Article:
Yesterday (May 15), a dozen or so activists from the Russian Socialist Movement, Left Front, and the Pyotr Alexeev Resistance Movement (DSPA) carried out what is fondly known in Russia as an “unsanctioned” march to protest the new round of illegal felling in the Khimki Forest. Five activists were almost immediately arrested by police, and four of the arrestees were later charged with “disobeying the police” and released with a summons to appear later in court. IKD has the details (in Russian).
How to help the Khimki Forest defenders, who are risking life and limb in the forest
The situation in Khimki Forest near Moscow is very serious. Several times during the last month activists have succeeded in stopping illegal preparatory works for a motorway being carried out at the site, but at the price of repeatedly being beaten and arrested. Every day, activists get beaten up and injured. This morning, Yevgenia Chirikova suffered a leg injury which doesn’t allow her to move for the next 2 days.
Despite all these attacks, the camp in Khimki Forest is still continuing.
Please help and protest:
Ask the Russian government or the Russian embassy in your country to stop immediately this shameful involvement in illegal forest destruction and covering up of criminals! Attacks against activists must be stopped and investigated.
Ask the involved French international construction company Vinci to stop being involved into the Moscow-St.Petersburg road construction project which is clearly associated with violation of civil and human rights, corruption, arbitrary and unlawfulness.
Russia’s Khimki Forest is not the peaceful place it used to be, back when it was a 200-year-old oak forest known for its ecological importance to the Moscow region.
Today, it is filled with the roar of bulldozers, and the screams of activists at night. For the last week, the Khimki Forest defenders, many of whom I have been corresponding with for 2 months, have been taking turns camping out to defend the forest from illegal cutting. Each night, they put their lives at risk and every day they have experienced escalating violence, including violent attacks by private security forces and unknown thugs. There have been injuries too—broken noses, head traumas—but it is not for naught. They have been somewhat successful in stopping the logging, at least temporarily. But that can change day by day.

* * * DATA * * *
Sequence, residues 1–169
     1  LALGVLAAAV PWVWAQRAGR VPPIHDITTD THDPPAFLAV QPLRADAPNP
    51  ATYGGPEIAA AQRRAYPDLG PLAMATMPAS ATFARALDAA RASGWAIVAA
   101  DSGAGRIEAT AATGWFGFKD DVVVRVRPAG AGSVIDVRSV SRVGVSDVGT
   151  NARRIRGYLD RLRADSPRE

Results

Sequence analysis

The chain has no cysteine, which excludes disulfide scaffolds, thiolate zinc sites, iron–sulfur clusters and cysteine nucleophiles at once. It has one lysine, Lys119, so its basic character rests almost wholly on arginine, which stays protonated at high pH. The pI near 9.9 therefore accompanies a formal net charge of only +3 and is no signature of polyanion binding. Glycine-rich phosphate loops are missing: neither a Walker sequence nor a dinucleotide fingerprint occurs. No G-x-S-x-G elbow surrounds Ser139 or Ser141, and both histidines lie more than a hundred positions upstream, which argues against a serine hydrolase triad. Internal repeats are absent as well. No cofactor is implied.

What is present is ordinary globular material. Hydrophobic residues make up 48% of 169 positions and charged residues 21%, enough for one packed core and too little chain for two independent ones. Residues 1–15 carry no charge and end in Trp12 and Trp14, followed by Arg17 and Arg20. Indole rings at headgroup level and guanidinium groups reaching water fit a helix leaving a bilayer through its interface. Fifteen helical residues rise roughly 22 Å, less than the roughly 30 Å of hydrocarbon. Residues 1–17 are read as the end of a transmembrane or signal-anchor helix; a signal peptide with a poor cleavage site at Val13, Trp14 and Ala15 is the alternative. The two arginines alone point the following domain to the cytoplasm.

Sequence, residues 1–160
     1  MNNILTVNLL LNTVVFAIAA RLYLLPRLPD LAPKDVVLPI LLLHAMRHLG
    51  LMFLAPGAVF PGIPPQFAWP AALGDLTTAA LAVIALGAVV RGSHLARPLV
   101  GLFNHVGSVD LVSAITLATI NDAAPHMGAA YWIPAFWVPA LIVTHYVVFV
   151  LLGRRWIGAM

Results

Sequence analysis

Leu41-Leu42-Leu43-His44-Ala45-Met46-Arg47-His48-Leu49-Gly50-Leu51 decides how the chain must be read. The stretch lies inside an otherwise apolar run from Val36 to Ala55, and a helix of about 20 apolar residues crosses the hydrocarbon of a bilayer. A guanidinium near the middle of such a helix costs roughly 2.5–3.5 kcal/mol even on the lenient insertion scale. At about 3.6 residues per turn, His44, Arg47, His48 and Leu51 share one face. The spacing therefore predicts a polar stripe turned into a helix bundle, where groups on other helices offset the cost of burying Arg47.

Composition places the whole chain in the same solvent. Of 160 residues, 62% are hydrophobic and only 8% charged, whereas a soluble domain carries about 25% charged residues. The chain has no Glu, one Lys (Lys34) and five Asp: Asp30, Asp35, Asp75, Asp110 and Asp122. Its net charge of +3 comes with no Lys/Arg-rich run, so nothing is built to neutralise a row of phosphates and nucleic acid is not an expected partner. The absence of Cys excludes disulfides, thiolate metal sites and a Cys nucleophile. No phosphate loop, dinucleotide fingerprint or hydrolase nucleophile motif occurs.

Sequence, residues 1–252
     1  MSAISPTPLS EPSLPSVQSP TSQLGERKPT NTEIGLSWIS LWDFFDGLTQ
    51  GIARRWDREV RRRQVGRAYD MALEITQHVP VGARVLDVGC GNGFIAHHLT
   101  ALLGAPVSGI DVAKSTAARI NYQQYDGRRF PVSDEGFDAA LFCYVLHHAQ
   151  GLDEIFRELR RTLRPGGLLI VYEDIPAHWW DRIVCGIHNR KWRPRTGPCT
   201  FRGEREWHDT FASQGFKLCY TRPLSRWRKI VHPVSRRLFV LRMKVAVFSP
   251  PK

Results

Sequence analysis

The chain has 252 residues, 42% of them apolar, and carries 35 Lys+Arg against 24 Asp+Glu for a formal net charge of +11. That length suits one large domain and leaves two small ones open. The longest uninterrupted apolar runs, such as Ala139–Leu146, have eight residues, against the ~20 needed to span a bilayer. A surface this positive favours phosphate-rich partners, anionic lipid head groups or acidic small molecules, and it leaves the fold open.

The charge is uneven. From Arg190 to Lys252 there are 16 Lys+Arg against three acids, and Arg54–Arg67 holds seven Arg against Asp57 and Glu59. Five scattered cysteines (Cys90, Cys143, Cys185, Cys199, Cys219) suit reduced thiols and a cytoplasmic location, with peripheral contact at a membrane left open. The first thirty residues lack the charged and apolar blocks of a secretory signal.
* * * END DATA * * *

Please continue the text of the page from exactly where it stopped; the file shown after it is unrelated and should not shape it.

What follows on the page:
It is a disturbing scene, as you can tell from news articles describing the violence published this week in outlets including AFP, Radio Free Europe, and The Moscow Times. I also encourage you to read Yaroslav Nikitenko’s account of just one night in the forest, published on the Save Khimki Forest blog. The dramatic account begins:
“Dear all, as I suspected, many bad events happened. When it got dark, they turned on the harvester. They moved fast into the dip of the clearing. We ran after them from the camp. The securities did not let us go, they caught us by clothes and pushed us. But we went further and further, though slower. Then the harvester started to fell down the trees. We rushed through the guards to it. On a narrow place the guards stopped us again. We called Russian media, the members of the President Council, the deputies, and of course the police….”
More than 20,000 people have signed the Save Khimki Movement’s petition in solidarity with these brave activists. If you have not heard about it already, you can read more about their background, their recent progress here, and then sign their petition.
They are targeting Vinci, the translational corporation that heads the construction concession that is working to destroy this forest to build a toll highway. Currently, in its demand for 100,000 Euros as a fee for construction delays, the company is directly contributing to the violence and attacks happening this week. As Mikhail Matveev, one of the movement’s leaders says, “Thus, Vinci directly motivates perpetrators of the project to use all measure of pressing activists.”